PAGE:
Kale is a cabbage that never forms a head.
Edible kale, or leaf cabbage, is the wild cousin to other members of the brassica family, including broccoli, collard greens, rutabagas, watercress, Brussels sprouts, Romanesco broccoli, and cauliflower. Kale was once the most commonly eaten green vegetable in Europe. [Probably because it is easy to grow and stores well.]
Each serving of kale contains many times the daily dose of Vitamin K. Vitamin K is used by the body to coagulate blood, strengthen bones, and reduce calcification of the arteries. Kale also contains a lot of Vitamins C, B6, folate, and manganese, and many other important nutrients. If you enjoy eating kale, your body will thank you.
How kale grows
Kale loves cold weather, which makes it an excellent winter garden plant in the Bay Area. Kale can tolerate occasional temperatures as low as 5°F below zero, and if plants happen to be touched by frost, they taste even sweeter! Kale is a biennial plant, which means it generally only grows leaves in its first year, and then produces flowers and seeds in its second year. A period of cold weather is what triggers seed production. This is called vernalization. Kale comes in many different sizes, shapes, and textures. Plants can be compact or reach 6 feet in height, depending on the cultivar. It’s green or purple leaves are used to classify different types of kale:
Kale can grow in a wide range of environments. It can also get by in partial shade, making it a good choice for shade gardens. In the Bay Area, kale can be planted in September and October, and then again in January, February, and March.
How to grow kale
While direct seeding is the way to grow kale in colder climates, our scorching hot summers and autumns make starting seeds in small pots a better idea. Seeds should be planted 1/2 inch deep and the soil kept moist until germination occurs. You can reduce the amount of water needed (and time invested) by covering pots with a 1/4 inch layer of vermiculite. Vermiculite reduces evaporation and can hold many times its weight in water, but tiny seedlings can easily push their way through. As your seedlings are growing, use that time to prepare planting beds. Kale prefers loose, loamy soil, so incorporating aged compost will improve the flavor of your kale. Two months before the first frost date, seedlings can be transplanted into their garden locations. When transplanting kale, bury the plants up to the first set of leaves. This encourages a stronger root system. Be sure to mulch around each plant to conserve moisture, reduce competition from weeds, and provide a nutrient boost. You can also side dress plants halfway through their growing season for the best production. Side dressing simply means placing aged compost around the base of each plant. Watering and critters will get the nutrients down into the soil, where the plants can use it, without the disturbance and damage caused by digging.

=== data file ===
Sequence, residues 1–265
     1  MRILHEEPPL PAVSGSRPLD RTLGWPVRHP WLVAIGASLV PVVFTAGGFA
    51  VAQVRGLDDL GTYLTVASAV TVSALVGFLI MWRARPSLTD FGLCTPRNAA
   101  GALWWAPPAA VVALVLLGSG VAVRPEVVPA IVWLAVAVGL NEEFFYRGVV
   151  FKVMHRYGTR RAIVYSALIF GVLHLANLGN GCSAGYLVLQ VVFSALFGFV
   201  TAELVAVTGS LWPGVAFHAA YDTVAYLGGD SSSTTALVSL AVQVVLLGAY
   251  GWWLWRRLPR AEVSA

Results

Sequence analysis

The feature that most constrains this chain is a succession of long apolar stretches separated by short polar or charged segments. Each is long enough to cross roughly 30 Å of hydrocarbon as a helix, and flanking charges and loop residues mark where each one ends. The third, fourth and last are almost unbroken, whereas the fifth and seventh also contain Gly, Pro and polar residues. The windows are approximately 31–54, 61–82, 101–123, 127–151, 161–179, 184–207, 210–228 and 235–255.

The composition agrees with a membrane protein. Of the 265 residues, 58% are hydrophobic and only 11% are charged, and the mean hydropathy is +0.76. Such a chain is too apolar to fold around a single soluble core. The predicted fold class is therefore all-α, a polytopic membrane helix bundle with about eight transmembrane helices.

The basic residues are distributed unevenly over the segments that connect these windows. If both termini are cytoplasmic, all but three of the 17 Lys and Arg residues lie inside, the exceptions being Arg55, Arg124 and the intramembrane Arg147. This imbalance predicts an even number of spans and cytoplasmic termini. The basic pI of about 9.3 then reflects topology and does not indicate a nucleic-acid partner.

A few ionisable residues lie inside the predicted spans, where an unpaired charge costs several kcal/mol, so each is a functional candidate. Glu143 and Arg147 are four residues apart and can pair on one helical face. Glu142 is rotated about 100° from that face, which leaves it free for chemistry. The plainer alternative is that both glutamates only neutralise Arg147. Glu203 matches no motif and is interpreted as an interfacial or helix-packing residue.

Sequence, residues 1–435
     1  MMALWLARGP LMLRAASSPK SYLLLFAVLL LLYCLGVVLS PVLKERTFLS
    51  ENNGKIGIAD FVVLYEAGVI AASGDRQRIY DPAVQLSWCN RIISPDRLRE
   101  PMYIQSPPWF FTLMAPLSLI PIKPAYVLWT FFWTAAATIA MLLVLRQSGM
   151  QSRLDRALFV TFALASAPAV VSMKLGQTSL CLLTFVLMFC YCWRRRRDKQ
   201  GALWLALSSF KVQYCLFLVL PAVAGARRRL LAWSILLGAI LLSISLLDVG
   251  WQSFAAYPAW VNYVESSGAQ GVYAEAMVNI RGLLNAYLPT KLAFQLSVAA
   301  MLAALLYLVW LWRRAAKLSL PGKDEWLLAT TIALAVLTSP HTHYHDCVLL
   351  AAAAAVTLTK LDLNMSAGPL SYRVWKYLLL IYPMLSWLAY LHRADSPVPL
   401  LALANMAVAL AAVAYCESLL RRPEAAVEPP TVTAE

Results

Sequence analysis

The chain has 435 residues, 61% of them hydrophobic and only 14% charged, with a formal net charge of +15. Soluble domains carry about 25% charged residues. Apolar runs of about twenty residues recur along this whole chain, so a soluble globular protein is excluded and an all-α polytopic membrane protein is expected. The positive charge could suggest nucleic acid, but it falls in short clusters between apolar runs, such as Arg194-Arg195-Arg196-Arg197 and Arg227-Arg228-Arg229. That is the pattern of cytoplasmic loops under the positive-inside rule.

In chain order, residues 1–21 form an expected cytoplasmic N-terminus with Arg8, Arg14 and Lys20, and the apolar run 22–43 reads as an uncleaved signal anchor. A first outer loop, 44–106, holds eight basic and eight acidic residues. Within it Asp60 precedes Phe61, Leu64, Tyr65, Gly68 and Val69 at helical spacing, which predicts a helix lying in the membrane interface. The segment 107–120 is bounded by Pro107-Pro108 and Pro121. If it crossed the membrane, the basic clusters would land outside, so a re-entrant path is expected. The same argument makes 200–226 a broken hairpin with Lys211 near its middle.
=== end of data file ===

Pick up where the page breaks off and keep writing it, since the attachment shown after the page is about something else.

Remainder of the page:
Kale pests and diseases
As with all growing things in the Bay Area, aphids, cutworms, nematodes, leaf miners, leaf rollers, whiteflies, and wireworms are common pests. Random, round holes in kale leaves are a sure sign of imported cabbageworm infestation. Damage seen on the underside of leaves indicates cabbage loopers. Flea beetles, cabbage maggots, and darkling beetles may also enjoy feeding on your kale plants. Row covers can protect your plants from many of these pests. Powdery mildew, downy mildews, clubroot, black rot, bacterial blight, alternaria leafspot, fusarium yellows, phytophthora root rot, verticillium wilt, and white rust are the most common Bay Area kale diseases. Most of these diseases can be avoided with proper irrigation, good drainage, and regular crop rotation practices.
Your kale plants can produce edible leaves for many months if you harvest leaves from the outside first. The plants will continue to produce new leaves from the center, creating an ongoing harvest. Because kale grows so well in our winter climate, the plants make lovely landscape additions into areas that would otherwise be able through the winter.
Kale has a strong flavor, but it packs a powerful nutritional punch and is easy to grow in California winters. Give kale a try. You may find that the fresh, tender new leaves are just what your body has been craving!
I hope this information inspires you to grow more of your own food. You can ask your garden questions on my Home page.